The philosophy of Lexus F models

The relentless pursuit of perfection has led Lexus to consistently set new industry standards in design, engineering and construction.

For over a decade, this practice has expanded to include the development of high-performance models on challenging race tracks around the world. The majority of testing work is carried out on Japan’s famous Fuji Speedway, which gave rise to a new F designation for our specialist high-performance derivatives.

Introduced with the skunk works-style IS F, the F marque soon expanded to include the ground-breaking LFA supercar, before the portfolio was rounded-out with the svelte RC F coupe and spacious yet ballistic GS F saloon. Each of the four F models display race-honed qualities but in this post we wanted to dig a little deeper and reveal some of the thinking, engineering and styling cues behind this evocative alpha designation.

Lexus F models: refinement with a razor-sharp edge

Much more than a skin-deep makeover, high-performance Lexus F models employ motorsport engineering to deliver a unique perspective on driver engagement: refinement with a razor-sharp edge.

Take the powerplants as an example. Both the 417bhp 5.0-litre V8 of the IS F (above) and 553bhp 4.8-litre V10 of the LFA were jointly developed by Yamaha. This is a technical partner that knows a thing or two about powerful, high-revving engines thanks to its superbike and Formula 1 programmes, not to mention what the company’s sound department knows about tuning for musicality.

The 5.0-litre V8 installed in the RC F and GS F is an extensively reworked version of the original IS F powerplant – and with up 471bhp at its disposal, the engine is the most powerful V8 Lexus has ever produced. It was also the first Lexus engine to be able to switch between an Atkinson cycle for efficient cruising and an Otto cycle for high-rev power output.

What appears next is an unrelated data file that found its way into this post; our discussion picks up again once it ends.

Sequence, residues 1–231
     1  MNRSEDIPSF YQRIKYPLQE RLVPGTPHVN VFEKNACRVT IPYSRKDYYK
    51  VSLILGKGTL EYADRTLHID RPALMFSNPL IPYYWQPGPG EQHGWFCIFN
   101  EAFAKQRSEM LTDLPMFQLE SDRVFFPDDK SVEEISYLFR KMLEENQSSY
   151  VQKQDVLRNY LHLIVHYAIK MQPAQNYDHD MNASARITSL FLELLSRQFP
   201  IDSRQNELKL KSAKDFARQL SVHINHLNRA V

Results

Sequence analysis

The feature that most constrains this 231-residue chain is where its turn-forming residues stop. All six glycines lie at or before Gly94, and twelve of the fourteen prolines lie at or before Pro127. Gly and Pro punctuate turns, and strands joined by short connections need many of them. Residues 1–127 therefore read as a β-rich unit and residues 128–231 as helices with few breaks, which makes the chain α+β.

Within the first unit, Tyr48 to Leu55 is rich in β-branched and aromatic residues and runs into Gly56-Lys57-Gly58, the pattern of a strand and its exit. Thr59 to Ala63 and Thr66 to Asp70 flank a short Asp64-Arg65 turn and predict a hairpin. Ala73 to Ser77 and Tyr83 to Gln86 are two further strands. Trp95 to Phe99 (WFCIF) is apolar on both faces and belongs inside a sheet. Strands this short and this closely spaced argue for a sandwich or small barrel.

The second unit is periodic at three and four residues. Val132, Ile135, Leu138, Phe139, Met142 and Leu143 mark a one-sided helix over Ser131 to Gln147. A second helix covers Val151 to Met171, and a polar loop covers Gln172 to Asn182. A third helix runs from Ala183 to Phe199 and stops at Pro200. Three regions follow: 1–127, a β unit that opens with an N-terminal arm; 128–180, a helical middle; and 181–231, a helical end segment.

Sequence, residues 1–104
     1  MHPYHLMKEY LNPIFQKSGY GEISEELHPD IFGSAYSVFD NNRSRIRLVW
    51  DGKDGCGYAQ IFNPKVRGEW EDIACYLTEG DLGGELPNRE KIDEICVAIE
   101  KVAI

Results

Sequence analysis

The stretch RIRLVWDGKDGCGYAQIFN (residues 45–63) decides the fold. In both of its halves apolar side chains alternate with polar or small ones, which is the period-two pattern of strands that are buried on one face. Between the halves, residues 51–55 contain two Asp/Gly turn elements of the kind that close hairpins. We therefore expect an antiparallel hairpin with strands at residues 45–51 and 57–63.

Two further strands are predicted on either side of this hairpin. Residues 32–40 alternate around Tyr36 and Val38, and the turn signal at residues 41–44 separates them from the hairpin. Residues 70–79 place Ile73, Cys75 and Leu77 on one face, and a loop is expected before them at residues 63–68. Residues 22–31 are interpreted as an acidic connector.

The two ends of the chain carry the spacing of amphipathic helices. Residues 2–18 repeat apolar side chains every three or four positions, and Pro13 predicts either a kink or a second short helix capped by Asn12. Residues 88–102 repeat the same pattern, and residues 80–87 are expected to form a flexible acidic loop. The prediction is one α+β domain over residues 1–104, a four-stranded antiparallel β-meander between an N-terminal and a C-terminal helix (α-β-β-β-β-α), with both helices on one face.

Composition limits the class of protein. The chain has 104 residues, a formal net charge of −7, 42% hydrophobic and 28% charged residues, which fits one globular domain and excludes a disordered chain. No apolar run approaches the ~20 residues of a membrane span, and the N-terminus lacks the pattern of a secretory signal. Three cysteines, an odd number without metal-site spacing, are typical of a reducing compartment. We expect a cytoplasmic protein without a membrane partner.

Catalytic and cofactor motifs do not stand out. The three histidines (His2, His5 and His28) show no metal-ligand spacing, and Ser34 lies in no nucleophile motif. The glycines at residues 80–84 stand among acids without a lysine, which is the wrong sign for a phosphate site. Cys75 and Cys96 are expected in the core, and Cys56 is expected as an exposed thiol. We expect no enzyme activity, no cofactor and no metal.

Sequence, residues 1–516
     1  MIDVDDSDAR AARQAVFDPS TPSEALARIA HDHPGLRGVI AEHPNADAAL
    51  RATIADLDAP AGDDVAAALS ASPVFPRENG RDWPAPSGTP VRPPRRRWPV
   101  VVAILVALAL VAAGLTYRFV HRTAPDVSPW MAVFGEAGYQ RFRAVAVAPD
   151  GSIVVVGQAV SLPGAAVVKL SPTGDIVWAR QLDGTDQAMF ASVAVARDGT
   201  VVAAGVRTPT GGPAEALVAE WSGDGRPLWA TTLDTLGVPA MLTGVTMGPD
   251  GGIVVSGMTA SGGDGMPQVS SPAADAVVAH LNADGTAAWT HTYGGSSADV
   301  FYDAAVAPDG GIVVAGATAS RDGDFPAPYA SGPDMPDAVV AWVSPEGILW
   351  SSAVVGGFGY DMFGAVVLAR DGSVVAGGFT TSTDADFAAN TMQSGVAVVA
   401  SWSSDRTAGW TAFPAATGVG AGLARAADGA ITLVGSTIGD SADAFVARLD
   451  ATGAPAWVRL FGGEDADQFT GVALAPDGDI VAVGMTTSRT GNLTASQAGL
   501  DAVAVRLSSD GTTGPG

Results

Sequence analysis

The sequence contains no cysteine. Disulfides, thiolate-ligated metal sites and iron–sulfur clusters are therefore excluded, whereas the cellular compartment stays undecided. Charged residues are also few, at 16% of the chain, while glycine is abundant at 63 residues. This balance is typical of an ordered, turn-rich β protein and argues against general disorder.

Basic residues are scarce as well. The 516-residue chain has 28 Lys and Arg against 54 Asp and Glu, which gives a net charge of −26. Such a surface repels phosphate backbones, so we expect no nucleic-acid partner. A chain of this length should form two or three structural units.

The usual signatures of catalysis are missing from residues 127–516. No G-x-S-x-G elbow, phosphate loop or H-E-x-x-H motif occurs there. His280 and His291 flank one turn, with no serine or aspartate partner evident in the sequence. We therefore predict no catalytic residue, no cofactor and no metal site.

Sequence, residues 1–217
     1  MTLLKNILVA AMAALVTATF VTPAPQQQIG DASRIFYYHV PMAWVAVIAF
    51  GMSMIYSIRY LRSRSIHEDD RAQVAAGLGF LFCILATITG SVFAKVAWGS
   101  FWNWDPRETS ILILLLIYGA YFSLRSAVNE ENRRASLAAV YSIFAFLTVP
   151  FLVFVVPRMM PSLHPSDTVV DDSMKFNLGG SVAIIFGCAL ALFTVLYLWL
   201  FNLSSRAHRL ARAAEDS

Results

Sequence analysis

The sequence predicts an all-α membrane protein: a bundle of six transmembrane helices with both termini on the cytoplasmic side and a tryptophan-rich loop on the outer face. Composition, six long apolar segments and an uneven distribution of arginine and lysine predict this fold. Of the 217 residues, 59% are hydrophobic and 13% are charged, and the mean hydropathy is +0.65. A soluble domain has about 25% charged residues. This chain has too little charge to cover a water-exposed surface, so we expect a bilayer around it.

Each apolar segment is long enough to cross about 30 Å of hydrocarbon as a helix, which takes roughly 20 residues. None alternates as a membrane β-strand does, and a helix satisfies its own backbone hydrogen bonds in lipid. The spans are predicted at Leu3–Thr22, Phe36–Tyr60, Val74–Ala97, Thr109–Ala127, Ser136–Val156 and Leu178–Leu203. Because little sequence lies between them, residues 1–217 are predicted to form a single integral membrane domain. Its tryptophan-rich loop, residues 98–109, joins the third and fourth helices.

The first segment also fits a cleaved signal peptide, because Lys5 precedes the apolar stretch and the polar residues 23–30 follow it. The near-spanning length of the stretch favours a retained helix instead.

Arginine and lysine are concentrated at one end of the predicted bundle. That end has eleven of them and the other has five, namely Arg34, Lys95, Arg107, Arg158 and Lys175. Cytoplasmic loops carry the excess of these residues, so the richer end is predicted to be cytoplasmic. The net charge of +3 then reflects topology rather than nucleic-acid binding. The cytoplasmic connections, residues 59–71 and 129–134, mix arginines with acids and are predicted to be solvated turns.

Unlike other high-performance derivatives, Lexus F cars make use of automatic or automated transmissions to deliver their distinctive blend of refinement and edginess. Shift speeds are always lightning fast and designed to offer unrivalled linearity between accelerator inputs and engine response.

In addition, power is transferred to the driven rear wheels via a torque-sensing limited-slip differential (not pre-2010 IS F), though the RC F and GS F enhance this virtue with the world’s first torque vectoring differential (below) which is able to direct torque to the wheel with the most traction.

From an external perspective, F cars feature athletic proportions that are usually wider and lower than their regular counterparts – the one exception to this was the LFA, which was a standalone model.

Integrated into the designs are numerous aerodynamic enhancements that assist engine and brake cooling and improve downforce. This is particularly noticeable in the L-shape vents that flow seamlessly into the side skirts. Meanwhile, the wheels have always been BBS forged alloy constructions of a diameter sufficient to house oversized brakes clamped by multi-piston Brembo calipers.

Further distinctions on front-engine models include a sharper curve in the bonnet line, an addition originally necessary to clear the extra length of the V8 engine but one that has since become a signature styling cue.

Similarly, while IS F and GS F saloon models make use of a subtle fixed boot spoiler, the LFA and RC F coupe models employ active rear wings that rise automatically at speed. And while we’re on the subject of rear ends, all F models feature a generous complement of exhaust outlets.

Lexus F models: sharing their DNA

The F division is dedicated to delivering a unique interpretation of raw driving thrills while also providing a new definition of usable power. But while these halo vehicles might be out of the reach of many, Lexus has ensured that the same DNA filters down into F Sport models available within each model line.

F Sport models such as the IS 300h above can be identified by their expressive mesh grille and interior and exterior upgrades, as well as performance enhancements that affect the brakes, anti-roll bars, suspension, clutch and chassis.

Why not visit your local Lexus centre and give a Fuji Speedway-honed car a try?

Learn more: Power and control, brought to you by the letter F

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